In a past incarnation of my career I travelled a lot. And by a lot, I mean a shitload. I was in airports and on airplanes a couple of times a week minimum, and often a lot more. Like a lot of travellers, I found both a lot of humour and great comfort in the SkyMall catalogue. It was something that was familiar, always there for you, and decidedly entertaining … although somehow I don’t think that it was entertaining in the way the company wanted it to be.
When you settled in on a flight and found that the SkyMall book in the seat pocket was a brand new edition, packed with all sorts of ridiculous new goodies? Didn’t matter what time it was or how tired you were … your next couple of hours of seat time were set.
It’s not a surprise that SkyMall has now bitten the dust. In fact, it’s a surprise that it lasted this long. But I will still take a minute or two to mourn. And I suspect there are a lot of frequent flyers out there who will do the same. An institution has truly passed.
So long, SkyMall. It was fun.
Ever needed a quick and dirty way to take a look at the EXIF data embedded in a photo? Take a peek at Jeffery’s EXIF Viewer – it works with damn near any photo format and includes all of the EXIF fields, something that a lot of so-called “pro” photo suites don’t do. Even better, it’s browser based so there is zero overhead and zero system investment so you can use it when you are away from your own computer or on a mobile device*. If you can get at a browser or any sort, you can get access to the guts of your photo data.
Serious kudos to Jeffrey Friedl for providing a decidedly awesome tool. You definitely want to keep this one in your bookmarks.
*There are oodles of EXIF apps for most mobile platforms, but I have yet to see one that gets as deep into the data as this web tool.
Last week we told you how to decode Bloomberg-ese – specifically how to recognize the difference between “writing something on behalf of one of my analyst friends who wishes this were true” and “just making shit up”.
This week one of the Bloomberg typists wrote a breathless piece about new iPads being released in October, including this telltale phrase:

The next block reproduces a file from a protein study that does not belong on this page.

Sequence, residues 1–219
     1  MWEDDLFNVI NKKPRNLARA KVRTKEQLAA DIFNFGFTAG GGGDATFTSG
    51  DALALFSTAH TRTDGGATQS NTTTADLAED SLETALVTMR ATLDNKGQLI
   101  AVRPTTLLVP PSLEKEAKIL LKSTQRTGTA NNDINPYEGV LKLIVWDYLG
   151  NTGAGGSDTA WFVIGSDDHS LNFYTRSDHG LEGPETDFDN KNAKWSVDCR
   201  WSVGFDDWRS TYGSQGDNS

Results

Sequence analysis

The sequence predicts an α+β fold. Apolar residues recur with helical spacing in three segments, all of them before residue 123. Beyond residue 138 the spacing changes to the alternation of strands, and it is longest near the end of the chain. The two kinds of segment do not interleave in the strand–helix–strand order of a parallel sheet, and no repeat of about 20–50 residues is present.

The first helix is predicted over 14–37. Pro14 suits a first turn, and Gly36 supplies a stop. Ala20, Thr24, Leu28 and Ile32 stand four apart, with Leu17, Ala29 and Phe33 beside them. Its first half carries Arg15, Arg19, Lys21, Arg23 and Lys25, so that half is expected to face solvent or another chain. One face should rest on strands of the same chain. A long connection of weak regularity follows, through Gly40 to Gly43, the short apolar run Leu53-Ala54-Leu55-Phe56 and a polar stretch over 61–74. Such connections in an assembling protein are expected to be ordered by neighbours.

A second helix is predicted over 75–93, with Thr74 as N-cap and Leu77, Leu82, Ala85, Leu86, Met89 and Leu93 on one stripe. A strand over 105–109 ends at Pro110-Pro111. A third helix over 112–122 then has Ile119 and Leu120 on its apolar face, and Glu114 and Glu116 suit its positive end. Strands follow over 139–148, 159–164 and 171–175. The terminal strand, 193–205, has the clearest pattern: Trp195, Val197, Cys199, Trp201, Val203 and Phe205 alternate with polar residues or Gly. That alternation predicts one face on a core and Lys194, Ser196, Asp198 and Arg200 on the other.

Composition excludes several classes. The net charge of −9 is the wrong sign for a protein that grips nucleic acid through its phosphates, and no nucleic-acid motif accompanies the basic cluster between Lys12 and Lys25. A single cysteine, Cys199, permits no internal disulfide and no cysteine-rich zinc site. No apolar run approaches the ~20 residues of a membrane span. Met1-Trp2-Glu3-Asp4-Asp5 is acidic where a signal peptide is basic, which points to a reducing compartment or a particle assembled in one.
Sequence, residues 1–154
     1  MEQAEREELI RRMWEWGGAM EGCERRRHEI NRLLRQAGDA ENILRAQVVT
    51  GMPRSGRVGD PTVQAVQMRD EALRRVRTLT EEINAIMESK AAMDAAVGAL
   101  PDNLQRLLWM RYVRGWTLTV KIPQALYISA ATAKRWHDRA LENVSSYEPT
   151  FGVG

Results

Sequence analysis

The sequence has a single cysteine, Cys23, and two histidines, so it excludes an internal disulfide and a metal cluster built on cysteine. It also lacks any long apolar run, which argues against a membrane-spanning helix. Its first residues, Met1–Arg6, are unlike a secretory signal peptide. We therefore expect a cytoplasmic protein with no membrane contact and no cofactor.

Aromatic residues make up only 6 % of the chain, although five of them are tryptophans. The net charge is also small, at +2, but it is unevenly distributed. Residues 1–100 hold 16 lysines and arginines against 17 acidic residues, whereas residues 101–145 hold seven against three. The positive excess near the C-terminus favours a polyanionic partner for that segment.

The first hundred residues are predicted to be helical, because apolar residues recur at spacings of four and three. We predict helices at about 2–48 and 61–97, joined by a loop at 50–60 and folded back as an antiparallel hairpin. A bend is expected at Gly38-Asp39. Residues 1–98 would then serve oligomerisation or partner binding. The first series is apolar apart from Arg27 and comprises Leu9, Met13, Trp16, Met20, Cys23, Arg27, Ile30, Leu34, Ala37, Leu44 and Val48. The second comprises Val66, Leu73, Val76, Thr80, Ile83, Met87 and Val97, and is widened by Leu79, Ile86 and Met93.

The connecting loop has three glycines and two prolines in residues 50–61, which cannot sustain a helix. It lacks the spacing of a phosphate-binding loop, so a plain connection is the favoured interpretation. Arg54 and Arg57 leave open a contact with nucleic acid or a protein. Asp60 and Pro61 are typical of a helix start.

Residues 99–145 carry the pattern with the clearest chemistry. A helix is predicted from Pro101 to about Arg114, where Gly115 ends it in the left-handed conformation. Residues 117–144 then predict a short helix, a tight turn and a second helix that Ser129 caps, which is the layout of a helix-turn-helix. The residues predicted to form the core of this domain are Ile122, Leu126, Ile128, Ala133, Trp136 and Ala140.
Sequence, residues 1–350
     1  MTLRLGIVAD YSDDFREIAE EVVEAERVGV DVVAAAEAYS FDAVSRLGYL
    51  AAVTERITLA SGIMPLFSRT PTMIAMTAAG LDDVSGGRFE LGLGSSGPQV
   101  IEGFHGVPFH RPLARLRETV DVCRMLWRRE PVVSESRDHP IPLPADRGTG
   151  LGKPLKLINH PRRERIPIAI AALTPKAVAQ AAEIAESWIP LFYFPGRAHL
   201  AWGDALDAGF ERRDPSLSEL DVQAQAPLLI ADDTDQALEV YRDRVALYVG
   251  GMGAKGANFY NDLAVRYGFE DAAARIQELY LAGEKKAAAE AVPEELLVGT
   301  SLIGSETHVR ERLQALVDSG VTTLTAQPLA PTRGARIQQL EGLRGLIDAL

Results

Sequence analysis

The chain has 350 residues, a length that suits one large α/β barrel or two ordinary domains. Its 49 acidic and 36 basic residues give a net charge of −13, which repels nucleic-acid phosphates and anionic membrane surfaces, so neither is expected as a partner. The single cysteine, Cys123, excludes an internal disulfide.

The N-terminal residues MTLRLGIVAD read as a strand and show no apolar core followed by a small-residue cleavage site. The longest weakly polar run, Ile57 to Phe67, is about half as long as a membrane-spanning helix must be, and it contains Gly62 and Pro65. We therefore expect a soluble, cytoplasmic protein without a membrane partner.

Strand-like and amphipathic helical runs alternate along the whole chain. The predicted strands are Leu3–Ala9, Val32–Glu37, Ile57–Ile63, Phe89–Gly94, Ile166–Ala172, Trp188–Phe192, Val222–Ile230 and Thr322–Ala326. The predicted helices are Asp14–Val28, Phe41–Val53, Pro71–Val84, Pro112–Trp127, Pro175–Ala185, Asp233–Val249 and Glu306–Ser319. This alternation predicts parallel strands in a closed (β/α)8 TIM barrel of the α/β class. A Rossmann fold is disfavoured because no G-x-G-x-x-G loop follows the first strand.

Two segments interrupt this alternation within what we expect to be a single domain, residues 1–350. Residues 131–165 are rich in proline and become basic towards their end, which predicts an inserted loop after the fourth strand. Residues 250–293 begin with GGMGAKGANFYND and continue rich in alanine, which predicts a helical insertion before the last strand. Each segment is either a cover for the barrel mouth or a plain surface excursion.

Apple Inc. will unveil the next generation of iPad tablets around mid-October, a person with knowledge of the plans said …
You do the math.
Sorry about the rather unwieldy headline, there. But really, there was no other way to approach this. Brian Williams of NBC – who used to be a real journalist and should definitely know better – put together this breathless report from Sochi that shows personal electronics being remotely compromised with malware and accessed by crackers within minutes of landing at the airport in Sochi. In the video you see a phone being “automatically” being taken over as soon as they turn it on, and two brand-new Macbook Pros being compromised just by turning them on at the hotel and leaving them running for an hour.
It’s the kind of thing that is frightening for average computer users and will get lots and lots of clicks and links and shares and oh my god this is awful what will we do?!?!
Except that the entire thing is a self-created and purposely staged sham, verging on a complete fabrication.
If you watch the unedited video, the whole thing is actually laughable. Instead of the phone “automatically” downloading malware, the reporters followed an URL to an unknown site and then installed the linked software themselves. Whether or not it was even (as claimed by their security “expert”) malware is debatable, since they never actually said what the linked file was. And the Macbooks that were “remotely accessed while just sitting there”? They manually opened a file that was attached to an unknown email. And bypassed the system warnings telling them not to open it.
The whole thing is a farce. But you will see dozens and dozens of links to it today. Because that is what tech “journalism” has been reduced to. Fabricated bullshit laced with fear, in a sad and desperate attempt to get a few clicks.